We do not see how Mrs. Young's obligations were in any way altered by the existence of this secret policy. On the date of her departure, plaintiff knew only that attendance at the staff meetings was mandatory. Her supervisor had just assured her, in language that admitted no possibility of accommodation (for as far as Bostain knew, no accommodation was possible), that Southwestern employees had a duty to attend the staff meetings in their entirety. Bostain did not propose a ceasefire or a standstill agreement; he demanded unconditional surrender to the company policy of compulsory attendance at religious services. We can only conclude that Mrs. Young acted reasonably and in a manner which preserved the full measure of her statutory rights.
In her complaint, Mrs. Young requested reinstatement in her former job, back pay, attorney's fees and an injunction against Southwestern forbidding it to include the religious exercises in its monthly staff meetings. On remand, the district court must determine if plaintiff still desires to return to Southwestern and if so, whether an injunction such as she asks would be proper. That court must also determine the propriety and the amount of awards of back pay and attorney's fees to Mrs. Young.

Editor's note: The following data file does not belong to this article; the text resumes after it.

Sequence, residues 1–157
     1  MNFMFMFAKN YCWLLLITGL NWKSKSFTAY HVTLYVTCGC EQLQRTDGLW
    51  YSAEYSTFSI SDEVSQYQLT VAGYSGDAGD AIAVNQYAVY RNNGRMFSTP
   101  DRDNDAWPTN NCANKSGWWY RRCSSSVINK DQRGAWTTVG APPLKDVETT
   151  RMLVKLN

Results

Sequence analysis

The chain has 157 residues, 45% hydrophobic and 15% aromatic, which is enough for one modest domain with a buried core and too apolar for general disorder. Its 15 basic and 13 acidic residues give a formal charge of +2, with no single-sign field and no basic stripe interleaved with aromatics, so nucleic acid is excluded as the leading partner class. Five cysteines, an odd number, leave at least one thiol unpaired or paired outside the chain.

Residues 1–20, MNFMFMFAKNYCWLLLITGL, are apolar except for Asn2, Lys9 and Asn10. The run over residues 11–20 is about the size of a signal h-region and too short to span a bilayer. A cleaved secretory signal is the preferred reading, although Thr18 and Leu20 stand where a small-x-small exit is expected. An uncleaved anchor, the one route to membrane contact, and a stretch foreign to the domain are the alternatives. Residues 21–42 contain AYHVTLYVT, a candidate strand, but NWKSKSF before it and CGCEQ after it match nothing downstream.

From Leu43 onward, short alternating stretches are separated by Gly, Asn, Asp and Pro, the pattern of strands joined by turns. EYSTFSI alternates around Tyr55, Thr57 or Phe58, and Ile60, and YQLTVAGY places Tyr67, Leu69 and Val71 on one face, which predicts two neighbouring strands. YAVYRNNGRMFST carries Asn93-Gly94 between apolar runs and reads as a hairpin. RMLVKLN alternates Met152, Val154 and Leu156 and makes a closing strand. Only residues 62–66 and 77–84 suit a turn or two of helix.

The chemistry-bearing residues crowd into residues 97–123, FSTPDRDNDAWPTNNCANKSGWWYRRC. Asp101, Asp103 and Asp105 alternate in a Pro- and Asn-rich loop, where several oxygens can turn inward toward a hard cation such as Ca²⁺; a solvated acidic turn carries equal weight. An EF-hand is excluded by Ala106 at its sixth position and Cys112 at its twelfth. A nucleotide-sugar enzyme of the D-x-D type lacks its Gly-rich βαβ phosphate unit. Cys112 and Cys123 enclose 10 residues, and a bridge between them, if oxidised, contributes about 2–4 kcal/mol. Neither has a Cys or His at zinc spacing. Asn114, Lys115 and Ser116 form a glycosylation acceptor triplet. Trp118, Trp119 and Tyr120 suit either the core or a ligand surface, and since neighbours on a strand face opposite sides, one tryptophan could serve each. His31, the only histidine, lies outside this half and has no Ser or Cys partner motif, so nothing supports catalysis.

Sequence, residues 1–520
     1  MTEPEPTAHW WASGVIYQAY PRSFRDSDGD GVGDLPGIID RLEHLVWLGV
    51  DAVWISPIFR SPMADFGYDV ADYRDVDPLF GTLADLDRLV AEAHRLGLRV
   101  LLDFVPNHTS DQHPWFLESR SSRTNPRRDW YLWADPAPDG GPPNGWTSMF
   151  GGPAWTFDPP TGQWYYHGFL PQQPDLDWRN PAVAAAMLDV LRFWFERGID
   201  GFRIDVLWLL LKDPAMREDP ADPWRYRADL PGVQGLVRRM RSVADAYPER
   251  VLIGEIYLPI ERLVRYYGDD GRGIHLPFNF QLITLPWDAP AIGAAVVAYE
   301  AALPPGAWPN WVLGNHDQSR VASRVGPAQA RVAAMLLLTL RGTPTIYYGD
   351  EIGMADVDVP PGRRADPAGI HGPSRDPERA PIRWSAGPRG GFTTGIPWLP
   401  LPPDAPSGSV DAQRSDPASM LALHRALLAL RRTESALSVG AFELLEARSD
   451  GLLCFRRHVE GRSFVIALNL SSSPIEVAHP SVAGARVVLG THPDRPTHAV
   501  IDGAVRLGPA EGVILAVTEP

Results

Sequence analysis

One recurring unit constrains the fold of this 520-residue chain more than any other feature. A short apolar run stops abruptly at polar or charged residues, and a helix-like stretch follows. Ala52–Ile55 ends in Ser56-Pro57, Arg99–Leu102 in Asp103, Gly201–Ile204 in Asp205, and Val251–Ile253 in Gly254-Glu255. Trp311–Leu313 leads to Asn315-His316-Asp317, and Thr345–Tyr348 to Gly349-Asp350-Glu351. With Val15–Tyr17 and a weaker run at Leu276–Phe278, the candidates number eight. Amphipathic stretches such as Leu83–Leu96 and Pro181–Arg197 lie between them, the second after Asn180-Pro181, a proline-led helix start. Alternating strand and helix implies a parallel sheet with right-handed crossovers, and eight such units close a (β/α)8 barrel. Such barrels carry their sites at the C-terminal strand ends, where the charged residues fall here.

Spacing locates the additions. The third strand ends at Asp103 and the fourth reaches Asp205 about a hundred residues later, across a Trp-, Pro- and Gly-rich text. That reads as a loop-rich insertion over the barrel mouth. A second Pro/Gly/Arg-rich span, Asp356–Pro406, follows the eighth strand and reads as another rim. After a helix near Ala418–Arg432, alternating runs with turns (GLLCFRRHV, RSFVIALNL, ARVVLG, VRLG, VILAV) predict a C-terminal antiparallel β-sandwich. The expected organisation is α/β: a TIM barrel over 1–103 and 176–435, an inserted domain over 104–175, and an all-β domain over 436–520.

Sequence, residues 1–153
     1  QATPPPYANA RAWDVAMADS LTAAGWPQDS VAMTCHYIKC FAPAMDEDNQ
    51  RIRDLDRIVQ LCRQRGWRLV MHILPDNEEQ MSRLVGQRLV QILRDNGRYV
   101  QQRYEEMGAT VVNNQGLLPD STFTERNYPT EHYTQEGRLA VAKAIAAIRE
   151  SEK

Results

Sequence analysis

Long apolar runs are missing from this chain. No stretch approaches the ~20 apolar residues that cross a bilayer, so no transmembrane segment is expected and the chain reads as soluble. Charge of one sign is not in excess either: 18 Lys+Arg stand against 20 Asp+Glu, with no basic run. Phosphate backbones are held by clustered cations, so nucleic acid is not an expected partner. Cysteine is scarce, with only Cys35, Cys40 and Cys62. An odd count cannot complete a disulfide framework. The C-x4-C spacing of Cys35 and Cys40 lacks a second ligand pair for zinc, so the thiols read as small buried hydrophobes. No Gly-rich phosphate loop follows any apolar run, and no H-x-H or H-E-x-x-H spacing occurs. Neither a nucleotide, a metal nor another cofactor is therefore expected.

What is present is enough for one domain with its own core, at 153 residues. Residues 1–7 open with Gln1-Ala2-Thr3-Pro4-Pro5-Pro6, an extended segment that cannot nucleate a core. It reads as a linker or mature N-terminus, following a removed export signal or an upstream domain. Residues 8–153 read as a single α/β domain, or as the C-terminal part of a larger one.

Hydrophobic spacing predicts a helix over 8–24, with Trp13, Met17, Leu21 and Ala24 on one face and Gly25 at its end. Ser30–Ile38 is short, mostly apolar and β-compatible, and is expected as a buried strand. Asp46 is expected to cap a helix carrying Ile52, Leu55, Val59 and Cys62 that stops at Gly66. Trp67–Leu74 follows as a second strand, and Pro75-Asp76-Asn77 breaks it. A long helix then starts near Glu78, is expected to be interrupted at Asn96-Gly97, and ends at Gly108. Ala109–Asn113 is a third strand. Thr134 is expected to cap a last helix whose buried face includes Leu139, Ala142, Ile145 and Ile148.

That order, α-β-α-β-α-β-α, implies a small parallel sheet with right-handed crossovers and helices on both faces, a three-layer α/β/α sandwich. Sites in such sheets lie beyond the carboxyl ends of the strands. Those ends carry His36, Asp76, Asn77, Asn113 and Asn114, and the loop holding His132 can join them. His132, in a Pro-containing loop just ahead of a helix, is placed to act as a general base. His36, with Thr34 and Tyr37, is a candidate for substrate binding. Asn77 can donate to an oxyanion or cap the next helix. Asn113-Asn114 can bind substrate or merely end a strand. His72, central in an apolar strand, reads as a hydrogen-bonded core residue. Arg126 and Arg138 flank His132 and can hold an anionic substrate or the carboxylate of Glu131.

Title VII was designed to restrain discrimination in employment because of religion. The subtle and unrealistic distinction drawn by Southwestern here between resignation and discharge does not deter us from enforcing the statutory mandate. Accommodation as a defense must be unsubtle, direct, undelayed and communicated without equivocation. The statutory defense of accommodation is not met by some post hoc hypothesis.
Reversed and remanded.
THORNBERRY, Circuit Judge (dissenting):
I would not hesitate for a moment to join my brothers in finding an employer liable for imposing or attempting to impose "forced religious conformity." This is not such a case. Title VII forbids, inter alia, employment discrimination based on religion. In this context discrimination implies that some employment-related penalty or disadvantage has been imposed on an employee or a job applicant. Because Southwestern claimed, and the district judge found, that appellant was not fired, to prove discrimination here Mrs. Young needed to show that her employer required or tolerated practices so inconsistent with her religious beliefs that she could not continue working and remain true to those beliefs. That is, she had to show that she was "constructively" discharged.
As I understand it, the majority bases its constructive discharge finding on (1) the company's admitted practice of holding monthly business meetings at which the first several minutes are devoted to